Nara – Final day in Japan

untitled-360Tonight we wandered along the popular Sanjo Dori. Tucked between financial institutions and official looking buildings are quaint little restaurants. We found one, an “izakaya”. This was our last night in Japan before we head off home. The friendly chefs spoke little English and the menu was in Japanese.

untitled-357 untitled-358 untitled-356 untitled-355 untitled-359We were by now well acquainted with the proceedings and confidently ordered our dishes. Yes, more sashimi, grilled Sanma fish and a delicate broth with dumplings. The atmosphere here; like throughout our dining experiences in Japan, was warm, sometimes hilarious and definitely light. As always, appealing presentation, exquisite and delightful taste and flavours. These experiences had set a high mark of Japanese food elsewhere.

We returned to our lovely ryokan styled guesthouse. The smiling and inviting face of Kayoko greeted us and ushered us for some hot green tea. Her son joined us. He aspired to be involved in conservation. For now, we encouraged him to finish his school and perhaps consider New Zealand to further his studies and career.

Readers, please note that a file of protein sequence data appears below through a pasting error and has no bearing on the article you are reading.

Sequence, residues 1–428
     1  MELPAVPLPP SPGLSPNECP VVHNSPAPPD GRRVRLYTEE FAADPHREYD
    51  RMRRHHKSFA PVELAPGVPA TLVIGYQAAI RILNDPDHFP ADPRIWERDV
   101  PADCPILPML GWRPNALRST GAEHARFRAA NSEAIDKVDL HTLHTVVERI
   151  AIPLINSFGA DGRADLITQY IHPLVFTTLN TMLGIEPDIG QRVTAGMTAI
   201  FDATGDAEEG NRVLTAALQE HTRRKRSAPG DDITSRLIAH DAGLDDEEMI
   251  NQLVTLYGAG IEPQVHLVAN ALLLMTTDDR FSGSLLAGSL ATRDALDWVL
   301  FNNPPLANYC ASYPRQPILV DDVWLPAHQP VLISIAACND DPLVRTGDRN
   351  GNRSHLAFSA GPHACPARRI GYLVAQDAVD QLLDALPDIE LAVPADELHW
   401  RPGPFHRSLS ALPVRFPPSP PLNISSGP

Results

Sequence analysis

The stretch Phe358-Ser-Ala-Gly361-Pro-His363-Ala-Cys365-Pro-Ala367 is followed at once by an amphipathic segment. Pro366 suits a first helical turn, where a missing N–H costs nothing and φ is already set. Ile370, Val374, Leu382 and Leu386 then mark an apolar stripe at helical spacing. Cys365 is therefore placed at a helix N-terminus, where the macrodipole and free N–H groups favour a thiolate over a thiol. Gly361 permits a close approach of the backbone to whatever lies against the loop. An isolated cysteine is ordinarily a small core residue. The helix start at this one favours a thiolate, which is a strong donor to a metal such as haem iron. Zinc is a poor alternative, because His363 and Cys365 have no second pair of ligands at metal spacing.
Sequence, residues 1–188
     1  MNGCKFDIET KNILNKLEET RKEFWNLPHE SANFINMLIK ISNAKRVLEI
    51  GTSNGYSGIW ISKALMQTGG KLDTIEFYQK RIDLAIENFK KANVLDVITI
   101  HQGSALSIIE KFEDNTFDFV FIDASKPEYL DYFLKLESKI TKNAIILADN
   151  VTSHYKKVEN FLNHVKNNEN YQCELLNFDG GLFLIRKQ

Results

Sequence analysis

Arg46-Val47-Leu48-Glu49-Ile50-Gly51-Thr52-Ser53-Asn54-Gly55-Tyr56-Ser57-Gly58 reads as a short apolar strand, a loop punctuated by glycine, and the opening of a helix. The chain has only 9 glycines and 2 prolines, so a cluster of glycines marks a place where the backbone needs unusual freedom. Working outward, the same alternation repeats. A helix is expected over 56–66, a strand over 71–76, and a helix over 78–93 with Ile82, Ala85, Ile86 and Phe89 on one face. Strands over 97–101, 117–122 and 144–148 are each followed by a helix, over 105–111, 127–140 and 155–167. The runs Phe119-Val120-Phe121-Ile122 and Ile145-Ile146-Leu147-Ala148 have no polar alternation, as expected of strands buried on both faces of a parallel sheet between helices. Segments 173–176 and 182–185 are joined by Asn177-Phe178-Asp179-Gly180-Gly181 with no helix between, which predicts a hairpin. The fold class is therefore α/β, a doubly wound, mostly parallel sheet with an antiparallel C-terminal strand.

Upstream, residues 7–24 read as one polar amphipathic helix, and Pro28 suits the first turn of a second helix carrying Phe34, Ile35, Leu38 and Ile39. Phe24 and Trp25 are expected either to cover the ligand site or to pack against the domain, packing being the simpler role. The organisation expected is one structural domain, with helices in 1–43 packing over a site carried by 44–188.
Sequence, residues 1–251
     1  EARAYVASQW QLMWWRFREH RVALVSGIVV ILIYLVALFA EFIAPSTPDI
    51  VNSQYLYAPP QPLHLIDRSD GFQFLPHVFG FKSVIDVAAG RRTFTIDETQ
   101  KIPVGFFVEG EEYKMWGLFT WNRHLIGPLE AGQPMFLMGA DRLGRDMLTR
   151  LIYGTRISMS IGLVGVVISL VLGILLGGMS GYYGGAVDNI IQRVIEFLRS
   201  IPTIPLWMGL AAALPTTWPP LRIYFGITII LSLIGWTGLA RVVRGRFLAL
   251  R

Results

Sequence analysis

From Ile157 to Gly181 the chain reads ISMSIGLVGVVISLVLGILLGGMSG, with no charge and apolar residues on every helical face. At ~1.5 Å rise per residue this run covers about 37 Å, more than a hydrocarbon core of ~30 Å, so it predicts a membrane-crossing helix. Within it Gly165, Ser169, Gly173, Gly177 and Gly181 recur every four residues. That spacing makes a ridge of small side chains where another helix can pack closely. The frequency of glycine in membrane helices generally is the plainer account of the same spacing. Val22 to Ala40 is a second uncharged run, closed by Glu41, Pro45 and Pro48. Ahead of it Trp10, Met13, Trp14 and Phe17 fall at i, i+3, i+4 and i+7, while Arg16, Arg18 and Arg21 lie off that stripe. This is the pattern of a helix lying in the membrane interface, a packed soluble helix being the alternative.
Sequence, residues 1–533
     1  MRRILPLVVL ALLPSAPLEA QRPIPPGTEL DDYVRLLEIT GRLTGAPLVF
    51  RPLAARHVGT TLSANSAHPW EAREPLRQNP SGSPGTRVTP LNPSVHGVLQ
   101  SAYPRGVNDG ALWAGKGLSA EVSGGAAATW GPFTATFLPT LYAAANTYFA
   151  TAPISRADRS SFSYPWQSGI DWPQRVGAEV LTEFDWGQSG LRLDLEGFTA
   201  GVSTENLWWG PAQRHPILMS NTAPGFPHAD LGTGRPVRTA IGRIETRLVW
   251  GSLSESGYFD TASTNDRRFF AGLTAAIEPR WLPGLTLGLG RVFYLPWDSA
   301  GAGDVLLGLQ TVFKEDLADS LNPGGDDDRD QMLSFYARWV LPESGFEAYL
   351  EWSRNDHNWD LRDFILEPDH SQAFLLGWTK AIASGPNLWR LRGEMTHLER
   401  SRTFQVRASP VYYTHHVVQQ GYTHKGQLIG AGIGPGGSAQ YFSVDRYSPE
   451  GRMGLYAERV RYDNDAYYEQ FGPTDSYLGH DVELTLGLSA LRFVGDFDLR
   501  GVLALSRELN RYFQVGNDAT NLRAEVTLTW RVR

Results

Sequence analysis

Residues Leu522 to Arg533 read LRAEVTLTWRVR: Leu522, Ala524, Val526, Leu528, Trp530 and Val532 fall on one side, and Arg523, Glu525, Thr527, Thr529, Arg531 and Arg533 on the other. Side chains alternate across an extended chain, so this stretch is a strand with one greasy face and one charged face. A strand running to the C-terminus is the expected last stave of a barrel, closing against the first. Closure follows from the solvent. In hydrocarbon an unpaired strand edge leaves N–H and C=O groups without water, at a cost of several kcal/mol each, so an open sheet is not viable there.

Later, we packed up our luggage and quietly walked on the tatami floors and snugged into our soft futon beds. In the morning, Kayoko prepared an early breakfast before a taxi brought us to the Nara Station. From here, we caught a train that took us directly to Osaka’s Kansai International Airport.

This journey through mostly central Japan had been an eye- opener to the nature of the Japanese people, their customs, magnificent ancient and historic temples, their delicate culinary, efficient transportation system, did I mention the wonderful Japanese people, and many more.
The memories of Japan from my school history books were delivered through this memorable journey. Connecting was convenient with a existence and approachable remains of history – the temples, museums, culture and charming living museums pieces. The stories can be relived and therefore retold. My dreams were fulfilled. This journey is more significant as we had travelled and experienced Japan as a family. Now that is priceless!

jā mata ne, Nihon”

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